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Supreme Court of Pennsylvania
December 6, 1926, Argued ; January 3, 1927
[*242] [**756] OPINION BY MR. JUSTICE KEPHART:
This appeal raises the question of jurisdiction of the State over foreign corporations. The summons was served in Philadelphia on the Delaware and Hudson Company through an agent. Appellee is a New York corporation, where its principal office is located. It is registered with the state officer, pursuant to the Act of June 8, 1911, P.L. 710.
It operates a railroad in the northeast section of the State, but has neither tracks nor roadbed in Philadelphia County. For ten years rooms were rented in an office building for [***3] an agency, known as the General Southern Freight Agent. The doors and windows display the "D. & H." sign, and the stationery, letterheads, envelopes, etc., used is the official stationery of that [*243] company. The telephone is in the company name. The rooms were occupied by a general agent, who employed seven subordinates, four of whom were attached to the Philadelphia territory, and three to the southern district. All employees were paid from the home office in New York.
The principal work or business transacted in Philadelphia was the solicitation of freight. This agency covers Pennsylvania east of Harrisburg, and extends south to Florida. From it, during 1925, originated one million out of twenty-two million tons of freight. How much of this tonnage came from Philadelphia County or this agency in Pennsylvania does not appear. Complaints as to service may be received here and forwarded to New York; these in turn are referred back to communicate the result to the shipper or consignee as the case might be. Lost freight may be traced through this office. In exceptional cases, freight charges and adjustments of freight are received and forwarded to New York. The freight [***4] incoming or outbound must pass over other carriers' lines and these adjustments may be made directly through these carriers.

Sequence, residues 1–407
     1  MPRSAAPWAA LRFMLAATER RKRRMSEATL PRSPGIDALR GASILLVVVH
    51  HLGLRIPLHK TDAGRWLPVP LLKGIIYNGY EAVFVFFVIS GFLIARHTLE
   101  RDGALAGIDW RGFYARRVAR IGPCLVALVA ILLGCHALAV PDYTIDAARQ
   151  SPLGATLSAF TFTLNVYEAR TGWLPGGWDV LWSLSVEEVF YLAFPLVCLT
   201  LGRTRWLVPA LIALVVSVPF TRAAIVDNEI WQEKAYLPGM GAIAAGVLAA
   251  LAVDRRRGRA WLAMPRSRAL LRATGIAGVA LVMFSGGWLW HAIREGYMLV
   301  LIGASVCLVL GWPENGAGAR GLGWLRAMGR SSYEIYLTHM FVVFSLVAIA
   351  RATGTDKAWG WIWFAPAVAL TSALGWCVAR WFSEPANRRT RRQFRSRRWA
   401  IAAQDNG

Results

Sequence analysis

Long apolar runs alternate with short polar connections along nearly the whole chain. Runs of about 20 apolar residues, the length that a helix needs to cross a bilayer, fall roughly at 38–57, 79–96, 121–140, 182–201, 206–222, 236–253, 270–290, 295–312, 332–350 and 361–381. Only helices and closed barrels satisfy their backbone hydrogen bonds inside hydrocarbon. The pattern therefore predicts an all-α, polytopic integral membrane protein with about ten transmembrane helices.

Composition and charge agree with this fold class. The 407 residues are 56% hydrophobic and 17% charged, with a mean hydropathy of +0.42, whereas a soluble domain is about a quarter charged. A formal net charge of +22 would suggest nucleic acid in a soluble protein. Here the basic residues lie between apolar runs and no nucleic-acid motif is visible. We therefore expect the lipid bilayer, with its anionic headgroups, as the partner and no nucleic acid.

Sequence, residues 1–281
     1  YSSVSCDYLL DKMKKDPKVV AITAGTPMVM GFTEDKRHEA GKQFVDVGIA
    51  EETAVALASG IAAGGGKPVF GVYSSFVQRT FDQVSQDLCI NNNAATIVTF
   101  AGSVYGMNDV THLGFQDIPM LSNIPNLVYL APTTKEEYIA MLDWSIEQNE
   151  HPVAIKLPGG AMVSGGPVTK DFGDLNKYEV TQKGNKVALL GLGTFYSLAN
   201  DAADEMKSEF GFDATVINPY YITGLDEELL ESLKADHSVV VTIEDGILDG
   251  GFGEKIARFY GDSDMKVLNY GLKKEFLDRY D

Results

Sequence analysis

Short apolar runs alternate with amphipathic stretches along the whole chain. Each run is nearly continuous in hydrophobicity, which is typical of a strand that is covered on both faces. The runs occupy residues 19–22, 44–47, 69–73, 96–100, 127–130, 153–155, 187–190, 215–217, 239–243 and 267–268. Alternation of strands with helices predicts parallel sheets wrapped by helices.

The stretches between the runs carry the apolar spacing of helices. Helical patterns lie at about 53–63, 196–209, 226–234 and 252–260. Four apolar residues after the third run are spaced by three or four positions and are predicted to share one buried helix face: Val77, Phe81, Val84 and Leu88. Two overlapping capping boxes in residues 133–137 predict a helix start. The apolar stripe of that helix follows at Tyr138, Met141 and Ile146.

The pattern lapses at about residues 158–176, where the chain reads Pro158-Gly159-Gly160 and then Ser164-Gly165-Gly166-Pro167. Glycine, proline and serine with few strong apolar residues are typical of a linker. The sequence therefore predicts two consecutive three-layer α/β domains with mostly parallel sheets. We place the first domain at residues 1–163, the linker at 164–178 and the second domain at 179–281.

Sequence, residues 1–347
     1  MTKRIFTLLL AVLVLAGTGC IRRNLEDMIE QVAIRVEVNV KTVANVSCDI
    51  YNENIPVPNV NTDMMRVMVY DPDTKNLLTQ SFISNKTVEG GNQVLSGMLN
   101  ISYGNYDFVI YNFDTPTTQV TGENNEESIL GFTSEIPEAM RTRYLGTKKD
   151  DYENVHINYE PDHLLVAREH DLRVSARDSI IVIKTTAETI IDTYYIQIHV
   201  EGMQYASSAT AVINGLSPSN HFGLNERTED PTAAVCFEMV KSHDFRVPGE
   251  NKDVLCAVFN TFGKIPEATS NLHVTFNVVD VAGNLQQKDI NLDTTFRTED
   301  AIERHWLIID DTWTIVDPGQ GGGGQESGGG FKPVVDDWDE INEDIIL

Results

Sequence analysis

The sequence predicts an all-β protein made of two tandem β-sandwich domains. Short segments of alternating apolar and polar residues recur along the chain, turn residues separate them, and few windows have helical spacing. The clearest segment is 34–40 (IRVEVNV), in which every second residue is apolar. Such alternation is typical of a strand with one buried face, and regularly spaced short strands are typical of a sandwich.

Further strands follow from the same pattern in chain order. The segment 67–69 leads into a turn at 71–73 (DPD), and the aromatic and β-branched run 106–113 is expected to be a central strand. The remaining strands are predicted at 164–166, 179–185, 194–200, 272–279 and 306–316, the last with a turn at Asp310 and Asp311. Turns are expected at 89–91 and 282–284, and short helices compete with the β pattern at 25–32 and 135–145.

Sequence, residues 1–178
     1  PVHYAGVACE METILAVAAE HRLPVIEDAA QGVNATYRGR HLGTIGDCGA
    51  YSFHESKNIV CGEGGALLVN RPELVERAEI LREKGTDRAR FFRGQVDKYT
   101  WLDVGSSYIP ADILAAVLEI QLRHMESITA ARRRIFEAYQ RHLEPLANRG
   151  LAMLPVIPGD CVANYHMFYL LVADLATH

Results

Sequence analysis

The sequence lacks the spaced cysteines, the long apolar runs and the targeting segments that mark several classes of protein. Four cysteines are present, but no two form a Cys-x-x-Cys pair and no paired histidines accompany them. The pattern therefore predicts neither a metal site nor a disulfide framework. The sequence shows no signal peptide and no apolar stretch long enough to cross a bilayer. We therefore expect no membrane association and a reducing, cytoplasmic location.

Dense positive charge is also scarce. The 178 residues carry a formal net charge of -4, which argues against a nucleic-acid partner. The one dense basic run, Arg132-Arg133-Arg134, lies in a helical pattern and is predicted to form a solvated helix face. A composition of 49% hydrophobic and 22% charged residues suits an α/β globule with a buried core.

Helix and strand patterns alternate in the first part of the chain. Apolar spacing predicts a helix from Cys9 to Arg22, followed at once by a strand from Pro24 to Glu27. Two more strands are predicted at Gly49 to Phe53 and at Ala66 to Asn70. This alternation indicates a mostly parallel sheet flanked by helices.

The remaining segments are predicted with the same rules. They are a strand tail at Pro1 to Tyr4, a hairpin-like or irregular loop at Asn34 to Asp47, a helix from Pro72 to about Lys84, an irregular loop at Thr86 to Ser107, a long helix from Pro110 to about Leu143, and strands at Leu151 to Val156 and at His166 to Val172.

No freight is actually handled, nor are bills of lading. Contracts are not made on account of freight, all must go to the principal office in New York. It is conceded appellee was engaged in commerce of both classes.
Full case includes Shepard's, Headnotes, Legal Analytics from Lex Machina, and more.
288 Pa. 240 *; 135 A. 755 **; 1927 Pa. LEXIS 448 ***
Shambe, Appellant, v. Delaware & Hudson R.R. Co.
Prior History: [***1] Appeal, No. 276, Jan. T., 1926, by plaintiff, from order of C.P. No. 2, Phila. Co., March T., 1926, No. 2942, making absolute rule to set aside service of summons and quash writ, in case of Joseph Shambe v. Delaware & Hudson Railroad Co. Affirmed.
Rule to set aside service of summons and quash writ. Before GORDON, J.
The opinion of the Supreme Court states the facts.
Rule absolute. Plaintiff appealed.
Error assigned was order, quoting record.
Disposition: The judgment of the court below is affirmed.
Mr. Justice FRAXER dissented.
freight, do business, solicitation, foreign corporation, carrier, shipper, commerce, railroad
Business & Corporate Law, Corporate Existence, Powers & Purpose, Powers, Acts Through Agents, Civil Procedure, Service of Process, Methods of Service, Foreign Service, In Rem & Personal Jurisdiction, In Personam Actions, General Overview, Service on Agents, Service on Corporations, Foreign Corporations, Jurisdiction, Constitutional Limits, Constitutional Law, Fundamental Rights, Procedural Due Process